For some people, ketchup is a symbol of the problems with American food. They find it highly processed, mass-produced, and full of sugar. Historian Gabriella Petrick certainly saw it that way when she started digging into the archives of the H. J. Heinz Company.
"I'll be honest, I came to my subject as a complete food snob and jerk," she says. "I was going to show how awful Americans eat, and how terrible industrial food was!"
When Henry Heinz started his company in the late 1800s, there were all kinds of ketchup: walnut ketchup; grape ketchup; tomato ketchup. But over time, Heinz's version of tomato ketchup took over. "The company crafted a very particular product that now reshapes what we think of as ketchup," Petrick says.
It was a captivating mix of tomato sauce, sugar, vinegar and spices. Above all, it was thick and red. You couldn't make anything like it yourself. In fact, maybe you didn't really want to make it yourself. "Women used to make ketchup at home," Petrick says. "Why make watery ketchup when you can simply buy high-quality, super-thick ketchup?"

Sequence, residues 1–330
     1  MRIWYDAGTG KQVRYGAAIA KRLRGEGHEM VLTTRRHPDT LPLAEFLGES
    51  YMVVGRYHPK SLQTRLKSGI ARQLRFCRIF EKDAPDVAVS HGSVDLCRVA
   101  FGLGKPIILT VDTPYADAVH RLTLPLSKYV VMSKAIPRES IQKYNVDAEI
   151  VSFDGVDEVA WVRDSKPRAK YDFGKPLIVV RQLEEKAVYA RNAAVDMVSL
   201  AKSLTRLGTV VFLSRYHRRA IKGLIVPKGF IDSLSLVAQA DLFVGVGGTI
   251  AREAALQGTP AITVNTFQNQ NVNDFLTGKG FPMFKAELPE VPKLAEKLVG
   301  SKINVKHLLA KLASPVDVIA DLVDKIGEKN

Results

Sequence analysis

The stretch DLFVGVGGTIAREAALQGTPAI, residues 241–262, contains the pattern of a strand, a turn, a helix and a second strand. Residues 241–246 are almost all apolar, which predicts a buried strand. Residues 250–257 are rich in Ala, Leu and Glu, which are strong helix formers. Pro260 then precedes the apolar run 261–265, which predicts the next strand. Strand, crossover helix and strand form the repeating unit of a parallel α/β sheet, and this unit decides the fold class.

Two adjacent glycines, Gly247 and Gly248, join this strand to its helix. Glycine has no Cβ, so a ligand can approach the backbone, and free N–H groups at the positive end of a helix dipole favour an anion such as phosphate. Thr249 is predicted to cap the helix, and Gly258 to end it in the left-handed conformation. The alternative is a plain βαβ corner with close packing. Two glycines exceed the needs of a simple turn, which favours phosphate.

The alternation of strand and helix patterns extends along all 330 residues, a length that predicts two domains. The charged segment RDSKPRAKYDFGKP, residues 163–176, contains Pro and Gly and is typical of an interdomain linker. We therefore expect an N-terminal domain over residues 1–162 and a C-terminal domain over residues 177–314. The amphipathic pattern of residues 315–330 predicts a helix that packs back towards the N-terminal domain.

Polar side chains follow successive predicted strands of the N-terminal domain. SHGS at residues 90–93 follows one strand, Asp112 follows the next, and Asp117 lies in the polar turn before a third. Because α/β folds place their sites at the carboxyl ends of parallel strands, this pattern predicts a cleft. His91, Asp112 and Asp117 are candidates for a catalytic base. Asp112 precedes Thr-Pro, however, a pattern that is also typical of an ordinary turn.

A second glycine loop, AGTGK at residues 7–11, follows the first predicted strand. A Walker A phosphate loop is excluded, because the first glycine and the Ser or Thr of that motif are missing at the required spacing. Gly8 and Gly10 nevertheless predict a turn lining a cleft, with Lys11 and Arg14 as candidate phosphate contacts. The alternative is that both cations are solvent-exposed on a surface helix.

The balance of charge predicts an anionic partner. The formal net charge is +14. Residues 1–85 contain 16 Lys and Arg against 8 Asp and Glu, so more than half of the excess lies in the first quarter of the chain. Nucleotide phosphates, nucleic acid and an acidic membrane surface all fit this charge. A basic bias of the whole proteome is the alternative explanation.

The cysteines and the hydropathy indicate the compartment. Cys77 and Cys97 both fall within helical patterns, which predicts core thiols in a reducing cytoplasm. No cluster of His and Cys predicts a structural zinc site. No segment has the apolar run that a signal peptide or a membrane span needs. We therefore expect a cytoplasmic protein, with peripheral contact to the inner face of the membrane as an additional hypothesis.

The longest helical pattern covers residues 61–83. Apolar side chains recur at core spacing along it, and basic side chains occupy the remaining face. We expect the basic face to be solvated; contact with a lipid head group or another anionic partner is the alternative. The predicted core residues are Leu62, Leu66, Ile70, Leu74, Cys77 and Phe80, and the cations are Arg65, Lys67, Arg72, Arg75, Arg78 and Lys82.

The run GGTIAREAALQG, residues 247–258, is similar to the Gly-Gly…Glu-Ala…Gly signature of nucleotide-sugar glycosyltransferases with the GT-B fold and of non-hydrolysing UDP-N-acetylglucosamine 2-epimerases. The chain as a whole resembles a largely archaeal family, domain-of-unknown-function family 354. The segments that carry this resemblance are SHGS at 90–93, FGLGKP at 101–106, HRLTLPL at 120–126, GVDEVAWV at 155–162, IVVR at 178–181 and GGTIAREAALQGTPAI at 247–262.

Petrick isn't quite so judgy about industrial foods anymore. "A lot of these products, I just learned to understand how important they were for people's lives, and how they made people's lives easier — women's lives in particular," she says.
Today, Kraft Heinz sells about 70% of America's ketchup, and it all comes from just two factories, one in Fremont, Ohio, and the other in Muscatine, Iowa.
But in Los Banos, the center of tomato growing, Hector Osorno has set up a miniature version of those factories, just for research purposes. It's a room filled with stainless steel pipes and pumps and cooking vessels.
He and his colleagues use it to check the quality of the tomato paste that's being supplied to the company's big ketchup factories. "Every day, I'm making 18 batches!" Osorno says. "If we detect something that [the factories] didn't, we immediately notify them."
He's checking the ketchup so we don't have to.